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Forum Name: Miscellaneous Cardiology Topics

Question: blood coming out of nose and throat


 angelforever34 - Tue May 09, 2006 9:48 am

QUESTION: I frequently have blood (mixed in mucus) coming from my nose (for several months), non-stop feeling of pain/pressure and/or like something is stuck up in there and it's always bothering me and take uncontrollable forceful inhalations through my nose. I have not discussed seeing this blood with my doctor. But I have these problems even when I do not have a sinus infection. And I feel like something is more wrong in my nasal passages. Can chronic sinusitis actually cause such nose irritation and this bleeding and inhalations? I have a sleep breathing disorder but if the inhalations were being caused by that, then why would I do it while awake? Also, are there any other treatment options for sinusitis other than long-term use of nasal spray as it seems to just be making things worse. (Thanks!)
SYMPTOMS: blood mixed in the mucus from throat and nose, facial pain,
pressure, numbness, congestion, post nasal drip, headaches, sore throat, middle ear infections, coughing hard and spitting up mucus only when waking up from sleep, forceful inhalations through the nose (when awake and asleep).
ENT diagnosis: TMJ (diagnosis based on pain issues - they did not review any of my medical records)
MD diagnosis: chronic sinusitis
TESTS done: sleep study
DIAGNOSIS - UARS with decreased breathing TREATMENT: antibiotics as needed, flonase (till death do us part) and waiting for Cpap therapy.
 Theresa Jones, RN - Wed May 10, 2006 2:37 pm

User avatar Hi angelforever34,
You should certainly make your physician aware of the additional symptoms. Other than the sleep study, have any other diagnostics been completed, ie, xrays, CT Scan, MRI, etc., to identify any underlying abnormality such as nasal polyps, deviated septum, etc. etc.? Has there ever been any mention regarding normal saline nasal irrigations as there have been promising outcomes with chronic sinusitis etc.?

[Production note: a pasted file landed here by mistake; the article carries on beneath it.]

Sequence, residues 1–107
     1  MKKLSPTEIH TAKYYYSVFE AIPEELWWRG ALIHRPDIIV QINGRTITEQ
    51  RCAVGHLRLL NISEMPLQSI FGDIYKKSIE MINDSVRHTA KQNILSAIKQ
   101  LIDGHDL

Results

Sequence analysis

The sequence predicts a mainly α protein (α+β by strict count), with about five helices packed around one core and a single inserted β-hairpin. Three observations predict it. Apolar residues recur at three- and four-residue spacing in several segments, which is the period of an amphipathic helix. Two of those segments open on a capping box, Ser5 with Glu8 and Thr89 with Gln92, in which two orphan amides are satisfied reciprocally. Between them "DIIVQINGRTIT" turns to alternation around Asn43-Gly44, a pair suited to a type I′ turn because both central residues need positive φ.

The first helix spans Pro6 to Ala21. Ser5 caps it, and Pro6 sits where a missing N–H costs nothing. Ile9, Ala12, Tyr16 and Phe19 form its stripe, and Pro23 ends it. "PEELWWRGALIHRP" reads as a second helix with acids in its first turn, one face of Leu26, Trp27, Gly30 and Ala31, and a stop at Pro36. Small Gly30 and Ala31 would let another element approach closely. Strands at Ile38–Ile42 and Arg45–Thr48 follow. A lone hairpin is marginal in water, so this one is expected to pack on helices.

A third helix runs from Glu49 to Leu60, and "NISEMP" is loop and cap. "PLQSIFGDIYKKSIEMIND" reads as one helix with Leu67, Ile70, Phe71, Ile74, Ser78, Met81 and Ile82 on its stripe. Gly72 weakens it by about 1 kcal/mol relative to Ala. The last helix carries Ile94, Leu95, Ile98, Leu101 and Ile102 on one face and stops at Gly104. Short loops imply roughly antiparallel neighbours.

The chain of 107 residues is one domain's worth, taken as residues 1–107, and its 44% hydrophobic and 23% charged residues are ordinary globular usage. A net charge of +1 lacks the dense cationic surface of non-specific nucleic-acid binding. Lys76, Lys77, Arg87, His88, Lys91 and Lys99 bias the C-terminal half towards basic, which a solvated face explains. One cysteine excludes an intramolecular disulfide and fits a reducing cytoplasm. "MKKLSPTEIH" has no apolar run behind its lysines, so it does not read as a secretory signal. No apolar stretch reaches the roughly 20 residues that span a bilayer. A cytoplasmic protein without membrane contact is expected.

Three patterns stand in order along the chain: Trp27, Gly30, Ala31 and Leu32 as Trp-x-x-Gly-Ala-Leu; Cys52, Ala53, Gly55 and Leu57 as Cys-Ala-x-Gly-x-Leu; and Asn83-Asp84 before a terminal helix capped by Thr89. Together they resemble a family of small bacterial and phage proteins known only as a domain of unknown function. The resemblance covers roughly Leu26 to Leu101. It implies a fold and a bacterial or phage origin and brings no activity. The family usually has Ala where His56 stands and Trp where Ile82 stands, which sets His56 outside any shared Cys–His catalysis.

Sincerely,
Theresa Jones, RN
 angelforever34 - Wed May 10, 2006 4:40 pm

I haven't had any x-rays or other tests (except the sleep study). I went to an ENT hoping for such and hoping to find out why I have this breathing problem through my nose but he didn't do anything other than tell me I looked fine, trying to tell me I had TMJ and sends me home with no follow up appt. Can you really exclude sinusitis from only one physical exam? The doctor that sent me to him said that he was positive that's what was wrong. This doctor did not even bother getting my medical records to see what I was saying was true and in the same breath didn't believe a word I said. I know that because he didn't do anything to try and help. The only thing I can figure out is it's because I take antidepressants and he was just being a total A-hole because of it. Some doctors (god only knows why) automatically assume if your depressed, then it's all in your head. I've been told by another doctor that chronic sinusitis is just something you have to live with. I have not ever heard of saline nasal irrigations. What exactly is it? ps thanks for the information..
 angelforever34 - Wed May 10, 2006 5:28 pm

Come to think of it, my brother had surgery for a deviated septum with almost identical symptoms of mine except for the blood ~ and his sleep problem was severe apnea. I know he had breathing problems while awake too but I'm not sure if it's like what I'm doing. I guess I figured he was just gasping.. I'll definetly have to ask. Can a deviated septum even be hereditary?
 Theresa Jones, RN - Thu May 11, 2006 8:39 am

User avatar Hi angelforever34,
Much of the population have a deviated septum but when it is a very mild deviation, there may not be any symptoms at all. Deviations may be caused by injury to the area, congenital defects, etc. A severe deviation may cause a feeling of a blocked nostril, make one more prone to nosebleeds, and may cause inflammation in the sinuses (sinusitis) because drainage does not occur properly. Deviations may also causes breathing problems including playing a role in obstructive sleep apnea. Nasal irrigations are typically done twice a day by using salt water and irrigating the sinuses with a bulb syringe. This actually clears sinus congestion and promotes healing of inflammed tissues. I would suggest inquiring with your physician about some diagnostic studies, the possibility a deviation contributing to your symptoms and the advantages of nasal irrigations in alleviating some of your symptoms. I hope this has been somewhat helpful.
Sincerely,
Theresa Jones, RN

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